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Thanks Guys, I been out after work and removed the front plate. Not as dificult as I thought it would be. I can see it might be difficult to get a good seal between the fron sealing block and the end plate if the end plate is left in position. Good to hear the Pistons and con rods can be left in place. Yes I could see that there may be enough friction to sop them falling under their own weight. 

       Might have a little more of a go tomorrow night. I'm sure I'll need some more help (support) but thanks for having the patience so far. 

Regards,

Neil

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Posted (edited)

Well, there's no going back now. The crank is out and on the desk. Everything carefully logged. Actually there is little to no wear on anything, only the timing chain was outside tolerance. Just need to order what I need now and hopefully get it all back together. Happy with what I've seen so far, no big surprises but it was running well, just leaking oil from front and back. 

Neil

Edited by NCS_TR3A
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Mad Marx splitseal.pdf

In case you did not have this.

Bastuk do a copy of this  kit which can be purchased from the TR shop.

You can also just buy the viton seal, & modify your existing scroll halves to take it.

Bob.

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Tangent Time....

If you are renewing the front oil seal what condition is the pulley hub that runs in the seal? 

Fitting a Speedisleeve  is the way to renew the sealing surface that will have rusted/pitted/gouged/worn since your engine was new

SKF 99175 or SKF 99174 is what I use.  99174 is 1/2" long and needs thinking about when fitting to get the new bit of the sleeve over the worn section of pulley shaft.  99175 is 3/4" long and does not need much thinking about when fitting.

https://www.ebay.com/itm/SKF-Speedi-Sleeve-99175/223480355925?hash=item3408779c55:g:MoEAAOSwPcVVqu5x

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4 hours ago, Lebro said:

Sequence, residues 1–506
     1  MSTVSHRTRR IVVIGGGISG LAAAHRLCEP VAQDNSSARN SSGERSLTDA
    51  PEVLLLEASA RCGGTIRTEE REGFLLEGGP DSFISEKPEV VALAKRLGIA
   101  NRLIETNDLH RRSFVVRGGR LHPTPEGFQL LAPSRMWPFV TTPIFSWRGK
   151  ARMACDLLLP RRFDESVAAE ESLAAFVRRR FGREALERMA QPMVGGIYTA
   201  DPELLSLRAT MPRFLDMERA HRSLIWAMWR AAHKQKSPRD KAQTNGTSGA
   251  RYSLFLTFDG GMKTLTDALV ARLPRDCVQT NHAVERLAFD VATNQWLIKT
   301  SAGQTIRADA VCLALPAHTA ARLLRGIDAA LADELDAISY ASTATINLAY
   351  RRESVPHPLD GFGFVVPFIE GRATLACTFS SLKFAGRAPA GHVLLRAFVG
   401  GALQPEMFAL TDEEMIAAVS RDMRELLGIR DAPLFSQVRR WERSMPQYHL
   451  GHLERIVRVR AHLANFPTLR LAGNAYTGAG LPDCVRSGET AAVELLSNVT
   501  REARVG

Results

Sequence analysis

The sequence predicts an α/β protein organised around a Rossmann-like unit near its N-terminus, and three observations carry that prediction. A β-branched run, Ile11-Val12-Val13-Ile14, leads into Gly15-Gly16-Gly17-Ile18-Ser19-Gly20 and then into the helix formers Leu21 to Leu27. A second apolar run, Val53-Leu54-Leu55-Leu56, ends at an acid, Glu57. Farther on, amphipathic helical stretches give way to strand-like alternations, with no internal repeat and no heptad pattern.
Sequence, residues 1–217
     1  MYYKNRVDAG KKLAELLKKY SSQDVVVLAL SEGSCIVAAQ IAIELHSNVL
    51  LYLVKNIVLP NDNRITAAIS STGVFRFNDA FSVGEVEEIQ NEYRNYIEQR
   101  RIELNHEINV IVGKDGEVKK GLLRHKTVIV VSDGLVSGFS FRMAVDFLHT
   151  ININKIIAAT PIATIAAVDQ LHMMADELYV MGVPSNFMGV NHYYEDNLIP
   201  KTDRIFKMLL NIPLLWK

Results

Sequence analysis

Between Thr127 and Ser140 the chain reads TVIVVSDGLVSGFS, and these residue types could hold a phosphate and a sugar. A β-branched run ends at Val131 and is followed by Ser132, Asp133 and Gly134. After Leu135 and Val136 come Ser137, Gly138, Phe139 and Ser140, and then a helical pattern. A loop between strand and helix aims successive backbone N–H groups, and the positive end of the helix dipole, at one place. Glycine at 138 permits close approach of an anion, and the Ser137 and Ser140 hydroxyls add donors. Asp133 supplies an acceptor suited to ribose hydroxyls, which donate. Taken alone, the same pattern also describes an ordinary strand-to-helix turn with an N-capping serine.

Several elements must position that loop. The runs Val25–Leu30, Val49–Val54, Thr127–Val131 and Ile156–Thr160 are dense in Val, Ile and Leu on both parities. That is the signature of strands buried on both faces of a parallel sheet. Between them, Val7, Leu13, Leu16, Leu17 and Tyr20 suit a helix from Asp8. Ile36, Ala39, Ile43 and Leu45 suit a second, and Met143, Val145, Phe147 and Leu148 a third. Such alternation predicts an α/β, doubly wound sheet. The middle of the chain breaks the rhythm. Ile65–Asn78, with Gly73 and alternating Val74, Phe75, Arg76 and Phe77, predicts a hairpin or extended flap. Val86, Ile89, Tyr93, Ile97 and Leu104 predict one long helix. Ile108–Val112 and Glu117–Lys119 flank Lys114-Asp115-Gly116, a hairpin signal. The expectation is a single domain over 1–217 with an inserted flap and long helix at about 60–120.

Mad Marx splitseal.pdf 1.04 MB · 4 downloads

In case you did not have this.

Bastuk do a copy of this  kit which can be purchased from the TR shop.

You can also just buy the viton seal, & modify your existing scroll halves to take it.

Bob.

Thanks Bob,  I've not used TR Shop before, I'm based in Warrington, so normally have used TR Bits and Moss (Manchester). With most things by post now it doesn't really matter. I have ordered earlier today what I need from TR Shop. Im planning on fitting the Mad Marx kit, the one that comes done rather that machine the one I have. Not that I don't think I could, although it is a consider action :)

     I was just logging on to ask a question which the attachment answers which is great. I was going to ask what sealant to use on the aluminium plate. There was nothing on the ones I took off. Didn't know if it's normal gasket sealant, something like Wellseal or my go to sealant which is silicone. Appears its silicone that's recommended. 

  Just a note, initial experience with TR Shop has been good, quick to answer phone, good knowledge and asked if I'd forgotten the timing chain Tensioner at the end, which I had. It was on my list but I skipped over it ordering. They will send a confirmation mail to check, I then pay and they send. Like that system very much. Will see what it's like when it arrives. 

Neil

 

 

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19 minutes ago, BlueTR3A-5EKT said:

Tangent Time....

If you are renewing the front oil seal what condition is the pulley hub that runs in the seal? 

Fitting a Speedisleeve  is the way to renew the sealing surface that will have rusted/pitted/gouged/worn since your engine was new

SKF 99175 or SKF 99174 is what I use.  99174 is 1/2" long and needs thinking about when fitting to get the new bit of the sleeve over the worn section of pulley shaft.  99175 is 3/4" long and does not need much thinking about when fitting.

https://www.ebay.com/itm/SKF-Speedi-Sleeve-99175/223480355925?hash=item3408779c55:g:MoEAAOSwPcVVqu5x